Way too often I say to myself, “Just this one more, and I’ll be all done.” In truth there is no, “All done”.
It’s hard to stop doing things, though. I’m sure you’ve noticed. For me, even when I feel that I’m getting too tired I still say, “Just this one more…” That’s despiteÂ knowing that if I stop and rest, then return to the task, I can accomplish hugely more because my body is rested and fresh to carry on.
While I’ve jokingly wondered ifÂ Newton’s First Law of Motion, also calledÂ the Law of Inertia, accounts for “one more thing” thinking, the law actually seems seriously apropos. ItÂ states:Â Things in motion tend to stay in motion, and things at rest tend to remain at rest. So,Â there’s more to Newton than apples and gravity.
Think about it, don’t you find that at the end of the day you tend to want to keep doing whatever… just a little longer instead of going to sleep; and in the morning, you want to keep sleeping…
I’m just saying, that seems like inertia at work, to me.
As an aside, the King’s College Wrangler I lived with in London told me, while we were visiting Kings, that Newton went to Cambridge. John, the wrangler, meaning he had graduated first in his class, ushered me proudly toÂ the statue of Newton presented to Trinity College in 1755, that is displayed in Trinity’sÂ ante-chapel. At the time, all I remembered aboutÂ Newton was that he’d “discovered” gravity when he was sitting under an apple tree and an apple fell and hit him on the head.
Given how famous Newton is based on putting that apple together with gravity, you’d think that heÂ would have been universally admired. But no, apparently even Isaac Newton was cast for a time, in 1689, as an ugly duckling. He was, you see, nominated by the Crown to beÂ Provost of King’s College, Cambridge. Up until that time the Fellows had always elected as provost the Crown’s nominee. But, in 1689 the Fellows refused to accept and elect William III’s nominee, Isaac Newton of Trinity. Ah, the highs and lows of life.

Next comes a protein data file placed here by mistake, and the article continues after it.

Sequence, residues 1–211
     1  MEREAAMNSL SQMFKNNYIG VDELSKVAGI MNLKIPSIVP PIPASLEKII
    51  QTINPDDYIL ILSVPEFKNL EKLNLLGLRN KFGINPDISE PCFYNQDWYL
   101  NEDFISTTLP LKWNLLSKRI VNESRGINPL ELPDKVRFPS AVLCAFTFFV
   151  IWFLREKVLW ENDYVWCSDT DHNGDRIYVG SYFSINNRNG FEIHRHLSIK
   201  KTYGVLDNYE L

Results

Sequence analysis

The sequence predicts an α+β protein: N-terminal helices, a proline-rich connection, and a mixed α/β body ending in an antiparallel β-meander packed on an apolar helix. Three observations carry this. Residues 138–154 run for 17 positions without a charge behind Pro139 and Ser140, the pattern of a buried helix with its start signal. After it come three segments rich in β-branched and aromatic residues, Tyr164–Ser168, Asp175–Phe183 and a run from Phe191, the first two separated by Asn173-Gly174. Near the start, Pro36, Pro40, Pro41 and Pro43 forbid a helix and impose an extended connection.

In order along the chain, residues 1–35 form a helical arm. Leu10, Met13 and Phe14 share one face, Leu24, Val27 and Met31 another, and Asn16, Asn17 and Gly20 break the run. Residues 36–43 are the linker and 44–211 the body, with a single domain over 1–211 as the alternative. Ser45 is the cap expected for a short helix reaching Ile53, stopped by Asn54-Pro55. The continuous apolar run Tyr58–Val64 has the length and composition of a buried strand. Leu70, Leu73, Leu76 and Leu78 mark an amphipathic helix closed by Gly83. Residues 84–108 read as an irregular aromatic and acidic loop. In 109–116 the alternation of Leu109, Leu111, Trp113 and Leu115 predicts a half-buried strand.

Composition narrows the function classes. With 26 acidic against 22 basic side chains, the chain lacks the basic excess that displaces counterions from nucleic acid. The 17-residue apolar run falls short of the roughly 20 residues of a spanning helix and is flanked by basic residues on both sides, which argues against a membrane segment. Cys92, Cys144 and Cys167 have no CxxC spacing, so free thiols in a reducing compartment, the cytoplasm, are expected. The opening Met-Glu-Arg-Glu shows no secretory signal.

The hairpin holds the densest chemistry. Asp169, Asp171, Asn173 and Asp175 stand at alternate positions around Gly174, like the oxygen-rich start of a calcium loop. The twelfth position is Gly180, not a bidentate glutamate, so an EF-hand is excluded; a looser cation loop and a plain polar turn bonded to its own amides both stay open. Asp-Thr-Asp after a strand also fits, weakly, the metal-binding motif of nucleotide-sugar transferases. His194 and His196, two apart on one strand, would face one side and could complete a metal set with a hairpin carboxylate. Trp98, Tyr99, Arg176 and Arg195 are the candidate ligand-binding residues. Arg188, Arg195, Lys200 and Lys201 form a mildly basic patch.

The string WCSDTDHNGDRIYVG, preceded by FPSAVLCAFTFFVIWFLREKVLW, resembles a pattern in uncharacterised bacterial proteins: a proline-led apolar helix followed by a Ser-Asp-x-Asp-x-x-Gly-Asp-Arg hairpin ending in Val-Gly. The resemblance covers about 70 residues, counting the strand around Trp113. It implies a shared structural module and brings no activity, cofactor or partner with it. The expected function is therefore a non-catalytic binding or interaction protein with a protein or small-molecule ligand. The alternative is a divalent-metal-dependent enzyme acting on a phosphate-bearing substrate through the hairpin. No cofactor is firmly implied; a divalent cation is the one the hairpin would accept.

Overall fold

I am reminded that when I was 4 or 5 I invited a little boy I was playing with in to have just one cherry from the pie my mother had made for company.
We each had a cherry that we fished out from the lattice work top crust. Then we had just one more. I kept saying, we can have one. In the end there wasn’t one cherry left in the pie — at which point I had an inkling of dismay.
50 years later at my great aunt’s funeral in Oceanside an older couple asked me, “Are you Karen Kline?” I said, “Yes.” They said I’d gotten their son to eat all the cherries in my mother’s pie. They didn’t mention that it was fifty years earlier. They remembered as if it were yesterday.
So, all in all, I think the “just one more” phrase is fraught –Â not necessarily destined for the best of all possible outcomes. (…lol…)
Note: The above is from a series of tweets, that ended, “I think I’m going to take all those last few twitters & put them together on my blogpage ~ But first I need to do just one more thing outside.” 11:14 AM Apr 13th via web